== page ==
“You are daughter of the old leader!” – the translation of a phrase from a Chinese movie. The phrase can be written in Chinese in the following way: 你是女儿的老, and sounds as follows: Nǐ shì nüér de lao lǐngdǎo where “ni” is “you”, “nüér” is “daughter”, “lao” is old, “lǐngdǎo” is leader. This is a communicative situation within the framework of a culture that is alien to us. What is the reality of this sentence? “You” “are” “daughter” “of” “the” “old” “leader” – none of these words had a referent in a purely perceptive aspect. All of these words are elements of a thought-up reality.

Only the place of these words in the statement imparts to them syntactic function.


13. Definition. Virtual (signifying) relativity: definiteness of signs towards other signs.

As far as definition is a relation, different relations lead to different definitions. Nonrelation is non-determinacy. Non-relative is non-defined (Gherdjikov 2008, 52)

Definition. Real relatedness/relativity: definiteness of moments in a life process, meaningfulness.  Real relativity of sign forms: meaningfulness of sign forms as moments of human life process (op. cit., 48).

Real relativity. Virtual presence of language together with thought in the world is possible only as far as there is world that is being lived. That is, the “language community” is but a small part of the “perceptive community”, of the community of the species Homo Sapiens.


14. Word does not stay for but rather virtually defines its referent. This important definition is attained in the framework of the definition real-virtual. The definition of the sign as a substitute for the object, a definition accepted in semiotics and linguistics, is inaccurate. The sign can only substitute another sign. In chess we can easily substitute the pawn with a piece of wood by virtue of the condition (which is also accepted by our opponent) that it is “a pawn”. Here one sign is being substituted by another, stands instead of it. But to define the very sign by saying that it “stands instead of the object” is misleading. The words “two hundred Euros” cannot stand instead of the goods that can be bought with a hundred Euros.

Signs do not substitute things – they are virtual correlates of things that are included in the system in order for us to be able to project organization among and with them.


15. Language – “objective knowledge”? A classical prejudice associated with language states that it reflects or expresses the objectively a state of affairs and objective entities in the world. A strong example of this belief we find in Tractatus Logico-Philosophicus. This is a crude substitution of the natural situation of communication in collective action with the artificial situation of “knowledge” – a mistake that the late Wittgenstein corrects (Philosophical Investigations).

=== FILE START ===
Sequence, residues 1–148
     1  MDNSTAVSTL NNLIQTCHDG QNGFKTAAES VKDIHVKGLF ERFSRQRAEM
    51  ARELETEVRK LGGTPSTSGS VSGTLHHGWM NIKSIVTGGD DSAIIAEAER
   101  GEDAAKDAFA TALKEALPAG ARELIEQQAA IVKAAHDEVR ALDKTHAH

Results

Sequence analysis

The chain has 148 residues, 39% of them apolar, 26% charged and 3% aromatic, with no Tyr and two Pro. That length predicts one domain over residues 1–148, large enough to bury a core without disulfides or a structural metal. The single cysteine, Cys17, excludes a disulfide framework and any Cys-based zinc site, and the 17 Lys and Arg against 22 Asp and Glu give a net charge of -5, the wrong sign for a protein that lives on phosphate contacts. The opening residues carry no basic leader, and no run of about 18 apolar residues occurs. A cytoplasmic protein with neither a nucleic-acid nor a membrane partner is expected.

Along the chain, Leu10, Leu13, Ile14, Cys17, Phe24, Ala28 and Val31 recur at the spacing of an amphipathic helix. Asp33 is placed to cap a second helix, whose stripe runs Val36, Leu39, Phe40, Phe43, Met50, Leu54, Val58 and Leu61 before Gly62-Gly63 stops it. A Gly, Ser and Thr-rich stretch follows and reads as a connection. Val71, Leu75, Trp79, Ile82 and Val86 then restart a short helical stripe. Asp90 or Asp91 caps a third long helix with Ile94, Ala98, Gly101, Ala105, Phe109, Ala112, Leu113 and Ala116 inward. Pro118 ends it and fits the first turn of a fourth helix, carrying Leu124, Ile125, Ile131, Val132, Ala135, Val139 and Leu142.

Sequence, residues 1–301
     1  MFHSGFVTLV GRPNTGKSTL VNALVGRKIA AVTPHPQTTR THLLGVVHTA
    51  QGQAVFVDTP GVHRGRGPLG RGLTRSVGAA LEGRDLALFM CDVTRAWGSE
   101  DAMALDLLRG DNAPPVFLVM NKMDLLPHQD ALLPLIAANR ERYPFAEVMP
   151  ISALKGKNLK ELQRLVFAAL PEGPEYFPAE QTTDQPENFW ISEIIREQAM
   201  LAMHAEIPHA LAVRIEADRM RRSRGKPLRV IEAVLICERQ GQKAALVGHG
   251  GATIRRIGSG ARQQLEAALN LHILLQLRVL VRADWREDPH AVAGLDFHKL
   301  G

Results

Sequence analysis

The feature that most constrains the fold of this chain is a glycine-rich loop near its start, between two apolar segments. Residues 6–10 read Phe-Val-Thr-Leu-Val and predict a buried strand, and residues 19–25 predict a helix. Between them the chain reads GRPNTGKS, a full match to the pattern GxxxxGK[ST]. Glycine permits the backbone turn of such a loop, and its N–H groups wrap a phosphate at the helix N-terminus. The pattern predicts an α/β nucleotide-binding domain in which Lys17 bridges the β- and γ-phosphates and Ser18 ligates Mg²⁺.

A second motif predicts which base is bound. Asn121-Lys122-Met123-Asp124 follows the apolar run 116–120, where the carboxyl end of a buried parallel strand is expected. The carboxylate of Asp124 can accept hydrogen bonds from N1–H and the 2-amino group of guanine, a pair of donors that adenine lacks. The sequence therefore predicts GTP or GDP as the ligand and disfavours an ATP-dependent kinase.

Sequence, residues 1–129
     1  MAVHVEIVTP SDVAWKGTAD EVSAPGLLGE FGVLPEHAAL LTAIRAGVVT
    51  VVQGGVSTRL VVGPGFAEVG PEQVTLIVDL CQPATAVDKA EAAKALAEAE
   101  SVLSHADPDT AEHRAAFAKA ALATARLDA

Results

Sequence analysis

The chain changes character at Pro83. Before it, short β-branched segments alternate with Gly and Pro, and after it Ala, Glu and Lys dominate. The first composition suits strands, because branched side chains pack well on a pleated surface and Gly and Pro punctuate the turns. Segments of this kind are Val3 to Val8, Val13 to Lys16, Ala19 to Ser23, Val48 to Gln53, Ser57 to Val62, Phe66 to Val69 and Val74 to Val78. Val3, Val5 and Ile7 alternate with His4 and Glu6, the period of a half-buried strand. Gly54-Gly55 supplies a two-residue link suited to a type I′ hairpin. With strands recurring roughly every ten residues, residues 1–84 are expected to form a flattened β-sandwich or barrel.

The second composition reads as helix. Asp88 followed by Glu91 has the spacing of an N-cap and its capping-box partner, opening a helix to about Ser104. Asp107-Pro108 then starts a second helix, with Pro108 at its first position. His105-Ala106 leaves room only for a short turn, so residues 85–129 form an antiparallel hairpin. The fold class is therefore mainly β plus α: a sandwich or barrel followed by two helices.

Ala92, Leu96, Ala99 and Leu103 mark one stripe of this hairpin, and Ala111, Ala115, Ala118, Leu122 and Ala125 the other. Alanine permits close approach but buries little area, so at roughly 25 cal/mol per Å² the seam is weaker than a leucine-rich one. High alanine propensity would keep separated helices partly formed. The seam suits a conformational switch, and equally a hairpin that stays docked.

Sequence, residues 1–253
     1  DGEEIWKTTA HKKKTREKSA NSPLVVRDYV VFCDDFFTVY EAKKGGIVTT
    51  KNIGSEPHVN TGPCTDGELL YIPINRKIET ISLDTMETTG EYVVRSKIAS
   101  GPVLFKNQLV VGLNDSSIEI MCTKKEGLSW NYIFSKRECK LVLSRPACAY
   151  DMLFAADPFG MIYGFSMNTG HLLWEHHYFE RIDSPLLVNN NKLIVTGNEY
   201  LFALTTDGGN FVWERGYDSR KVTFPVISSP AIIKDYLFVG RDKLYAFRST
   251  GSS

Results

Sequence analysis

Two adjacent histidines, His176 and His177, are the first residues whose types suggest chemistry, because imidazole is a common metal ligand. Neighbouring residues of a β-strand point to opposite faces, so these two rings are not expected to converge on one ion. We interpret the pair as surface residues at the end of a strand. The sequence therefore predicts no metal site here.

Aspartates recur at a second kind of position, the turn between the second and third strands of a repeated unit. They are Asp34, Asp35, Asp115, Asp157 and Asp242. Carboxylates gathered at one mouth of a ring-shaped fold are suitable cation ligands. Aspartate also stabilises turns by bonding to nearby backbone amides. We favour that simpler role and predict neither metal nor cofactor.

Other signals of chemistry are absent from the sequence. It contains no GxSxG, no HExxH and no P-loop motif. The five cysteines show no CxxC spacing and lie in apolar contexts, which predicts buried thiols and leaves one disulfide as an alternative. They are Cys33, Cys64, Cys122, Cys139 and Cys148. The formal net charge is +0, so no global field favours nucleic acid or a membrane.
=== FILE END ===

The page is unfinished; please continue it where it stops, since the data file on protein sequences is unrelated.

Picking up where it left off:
“Base” talking in the form “subject–predicate–object” is not linguistically universal. In the sentence “I will stalk the deer from the left” “I” is a subject (agent), “will stalk” – action (predicate), “the deer” – object (direct object), “the left” – an adverbial phrase. This differentiation does not signify universal entities such as subject, action, object, attribute. Where are these entities in the Bulgarian sentence “Rains”? In the Chinese sentence “My notebook red” the predicate is “notebook red” and there is no verb at all.


16. Language works exclusively in a relative way. Philosophy and science in XX century gain relativity in different forms and in a variety of concepts. In humanitarian investigations these are “context”, “interpretation”, “frame of interpretation”. Such are also the analytical concepts “language network” and “conceptual frame”.

Language spontaneously joins in perceiving and thus it already carries interpretation. There is no way that such interpretation can be carried out on purely individual level – it springs out from collective coexistence. For example, the perceived rose is an interpretation of a sensory form, and “flower” is an interpretation of “rose” – these two sets of interpretations are social conventions.

Indeed in different languages the lexical and the grammatical structure of an expression of particular perception can vary. These grammatical categories in their synthesis (syntax) arrange a description of the world. Categorial oppositions do not reflect the world. Neither do ordinary words. But as a totality or in its root form language expresses world.

Language does not say why man-and-his-world are as such. Language does not voice a fundamental quality of the world as it cannot operate non-relatively.